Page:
A brain tumor is an abnormal growth of cells in the brain and there are many different types of them. In general, they are described as benign or malignant, and as primary or metastatic.
Benign Versus Malignant Brain Tumors
A benign tumor contains noncancerous cells, is typically not life threatening, and is treated primarily with surgery. A malignant tumor contains cancerous cells, often grows rapidly, and is life-threatening.
Primary Versus Metastatic Brain Tumors
A brain tumor can start in the brain or in other parts of the body. If the tumor starts in the brain, it is called a primary brain tumor. Primary tumors can be benign or malignant. If cancer cells that originate in other parts of the body (such as the breast, lung, or kidney) travel to the brain, they are called metastatic brain tumors. All metastatic brain tumors are malignant.
GLIADEL Wafer is not indicated in patients with metastatic brain tumors.
Types of Gliomas
Glioma is a general term used to describe a tumor that grows out of the brain’s supportive cells called glial cells. Gliomas are the most common type of primary malignant brain tumor.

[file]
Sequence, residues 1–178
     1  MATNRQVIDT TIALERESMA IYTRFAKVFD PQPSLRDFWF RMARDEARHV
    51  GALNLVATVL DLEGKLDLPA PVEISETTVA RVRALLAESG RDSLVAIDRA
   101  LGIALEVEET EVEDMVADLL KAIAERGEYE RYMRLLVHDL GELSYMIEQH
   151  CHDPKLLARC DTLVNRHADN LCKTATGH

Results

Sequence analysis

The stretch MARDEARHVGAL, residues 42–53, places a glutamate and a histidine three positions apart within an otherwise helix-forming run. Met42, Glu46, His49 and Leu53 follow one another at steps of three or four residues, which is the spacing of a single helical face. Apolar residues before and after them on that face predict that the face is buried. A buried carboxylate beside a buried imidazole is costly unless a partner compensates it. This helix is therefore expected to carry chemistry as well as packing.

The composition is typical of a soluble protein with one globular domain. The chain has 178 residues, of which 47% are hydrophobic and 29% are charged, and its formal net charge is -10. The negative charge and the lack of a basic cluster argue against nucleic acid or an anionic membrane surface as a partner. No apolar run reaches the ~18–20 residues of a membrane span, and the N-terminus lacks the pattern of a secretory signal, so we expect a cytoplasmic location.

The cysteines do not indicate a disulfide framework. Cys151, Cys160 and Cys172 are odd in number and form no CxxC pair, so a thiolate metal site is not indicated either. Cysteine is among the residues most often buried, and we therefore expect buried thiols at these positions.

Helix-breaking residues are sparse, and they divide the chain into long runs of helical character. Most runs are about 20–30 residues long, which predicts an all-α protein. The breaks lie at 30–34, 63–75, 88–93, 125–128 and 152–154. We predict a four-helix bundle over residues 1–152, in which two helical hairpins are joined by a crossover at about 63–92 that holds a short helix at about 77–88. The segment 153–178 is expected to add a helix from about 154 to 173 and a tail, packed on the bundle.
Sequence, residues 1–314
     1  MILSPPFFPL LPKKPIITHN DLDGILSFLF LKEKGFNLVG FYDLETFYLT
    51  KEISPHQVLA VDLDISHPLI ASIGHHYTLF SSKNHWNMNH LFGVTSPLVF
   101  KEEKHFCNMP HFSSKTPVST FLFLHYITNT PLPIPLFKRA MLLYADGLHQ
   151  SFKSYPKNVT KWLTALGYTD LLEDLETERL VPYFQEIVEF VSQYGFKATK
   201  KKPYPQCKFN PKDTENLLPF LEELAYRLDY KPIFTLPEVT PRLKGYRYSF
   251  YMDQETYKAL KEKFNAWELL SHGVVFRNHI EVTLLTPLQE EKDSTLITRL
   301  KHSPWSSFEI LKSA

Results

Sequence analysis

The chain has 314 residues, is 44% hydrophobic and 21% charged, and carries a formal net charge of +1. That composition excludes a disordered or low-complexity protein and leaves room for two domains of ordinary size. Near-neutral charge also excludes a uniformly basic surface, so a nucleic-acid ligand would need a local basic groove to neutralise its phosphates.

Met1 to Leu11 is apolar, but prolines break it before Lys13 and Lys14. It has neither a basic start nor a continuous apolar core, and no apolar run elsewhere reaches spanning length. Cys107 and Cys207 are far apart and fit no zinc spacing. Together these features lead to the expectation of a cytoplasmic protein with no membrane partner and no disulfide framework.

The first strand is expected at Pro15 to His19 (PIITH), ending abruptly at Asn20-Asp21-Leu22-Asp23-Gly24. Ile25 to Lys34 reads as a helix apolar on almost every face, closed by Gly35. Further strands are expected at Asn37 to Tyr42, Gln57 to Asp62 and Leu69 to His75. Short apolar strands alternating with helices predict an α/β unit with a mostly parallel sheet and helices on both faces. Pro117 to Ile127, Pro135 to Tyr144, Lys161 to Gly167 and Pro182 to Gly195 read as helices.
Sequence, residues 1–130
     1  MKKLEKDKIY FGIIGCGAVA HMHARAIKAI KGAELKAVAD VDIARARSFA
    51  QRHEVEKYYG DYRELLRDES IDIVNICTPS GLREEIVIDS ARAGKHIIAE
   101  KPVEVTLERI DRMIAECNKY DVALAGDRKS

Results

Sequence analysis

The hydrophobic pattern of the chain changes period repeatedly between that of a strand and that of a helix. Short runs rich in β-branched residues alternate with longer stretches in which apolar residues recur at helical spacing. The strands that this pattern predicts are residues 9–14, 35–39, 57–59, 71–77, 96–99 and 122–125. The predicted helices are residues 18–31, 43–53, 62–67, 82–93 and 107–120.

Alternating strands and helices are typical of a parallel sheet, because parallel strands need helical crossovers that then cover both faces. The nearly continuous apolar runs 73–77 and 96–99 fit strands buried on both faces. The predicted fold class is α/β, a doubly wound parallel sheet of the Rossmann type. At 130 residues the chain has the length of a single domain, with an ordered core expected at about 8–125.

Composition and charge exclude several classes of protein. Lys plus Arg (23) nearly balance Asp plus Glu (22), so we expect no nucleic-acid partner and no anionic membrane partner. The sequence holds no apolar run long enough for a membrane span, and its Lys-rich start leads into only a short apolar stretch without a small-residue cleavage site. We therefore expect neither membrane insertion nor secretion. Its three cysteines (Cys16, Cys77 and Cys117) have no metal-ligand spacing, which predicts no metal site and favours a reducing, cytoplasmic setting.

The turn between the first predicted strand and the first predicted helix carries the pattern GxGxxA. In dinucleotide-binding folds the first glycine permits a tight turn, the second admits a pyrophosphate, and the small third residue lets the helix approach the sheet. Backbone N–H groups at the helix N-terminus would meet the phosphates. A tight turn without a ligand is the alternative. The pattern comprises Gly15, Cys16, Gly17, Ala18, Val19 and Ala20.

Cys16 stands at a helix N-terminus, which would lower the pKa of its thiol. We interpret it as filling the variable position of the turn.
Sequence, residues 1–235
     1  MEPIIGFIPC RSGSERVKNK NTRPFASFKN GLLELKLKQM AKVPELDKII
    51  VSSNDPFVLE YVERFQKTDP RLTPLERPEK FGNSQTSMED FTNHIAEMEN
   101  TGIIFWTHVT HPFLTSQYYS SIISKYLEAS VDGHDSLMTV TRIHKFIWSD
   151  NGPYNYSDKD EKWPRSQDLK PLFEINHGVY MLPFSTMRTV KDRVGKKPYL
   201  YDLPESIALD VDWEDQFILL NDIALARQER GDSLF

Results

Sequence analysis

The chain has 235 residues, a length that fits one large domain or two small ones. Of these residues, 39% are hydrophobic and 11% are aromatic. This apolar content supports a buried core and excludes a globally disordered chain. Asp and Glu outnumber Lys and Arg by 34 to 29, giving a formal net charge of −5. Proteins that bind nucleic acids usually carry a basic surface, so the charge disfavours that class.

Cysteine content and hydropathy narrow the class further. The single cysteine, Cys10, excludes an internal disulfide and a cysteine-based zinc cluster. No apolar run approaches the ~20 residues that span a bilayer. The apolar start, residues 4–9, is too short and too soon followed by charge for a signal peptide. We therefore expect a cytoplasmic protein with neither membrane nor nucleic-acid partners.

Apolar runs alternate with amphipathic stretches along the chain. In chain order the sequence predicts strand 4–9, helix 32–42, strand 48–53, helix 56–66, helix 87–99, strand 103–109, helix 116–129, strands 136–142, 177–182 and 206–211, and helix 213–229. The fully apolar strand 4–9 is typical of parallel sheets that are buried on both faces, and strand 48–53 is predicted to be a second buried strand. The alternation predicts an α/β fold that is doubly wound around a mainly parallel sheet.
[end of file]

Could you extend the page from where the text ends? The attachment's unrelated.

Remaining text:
Astrocytomas are the most common type of glioma found in adults. These tumors originate from astrocytes – the star-shaped cells that create the supportive tissue of the brain.
Low-grade astrocytomas are slow-growing tumors that may be located in the cerebrum or the cerebellum parts of the brain with a low risk of spreading. Diffuse astrocytomas (grade II) are slow growing and still considered low grade, but may infiltrate the surrounding tissue.
Anaplastic astrocytomas are faster-growing tumors that are characterized by tentacle-like projections that spread into surrounding brain tissue.
Glioblastoma multiforme (GBM) is the most malignant type of astrocytoma. These tumors have the ability to form new blood vessels that help maintain their growth even after treatment.
GLIADEL Wafer is not indicated FOR USE IN LOW-GRADE ASTROCYTOMAS.
Oligodendrogliomas are tumors that originate as oligodenrocytes, another one of the types of cells found in the supportive tissue of the brain. Under the microscope, these cells have short arms and a definitive “fried-egg” appearance that stands out from the more common star-shaped astrocytomas.
Anaplastic oligodendrogliomas are aggressive tumors that arise in oligodendrocytes that grow quickly. They are characterized by excessive growth of blood vessels that form clusters or branches in the brain tissue and areas of dead cells and tissue.
Anaplastic oligoastrocytomas are gliomas that contain both oligodendrocytes and astrocytes. Like anaplastic oligodendrogliomas, they have rapid growth of blood vessels and areas of dead cells and tissue.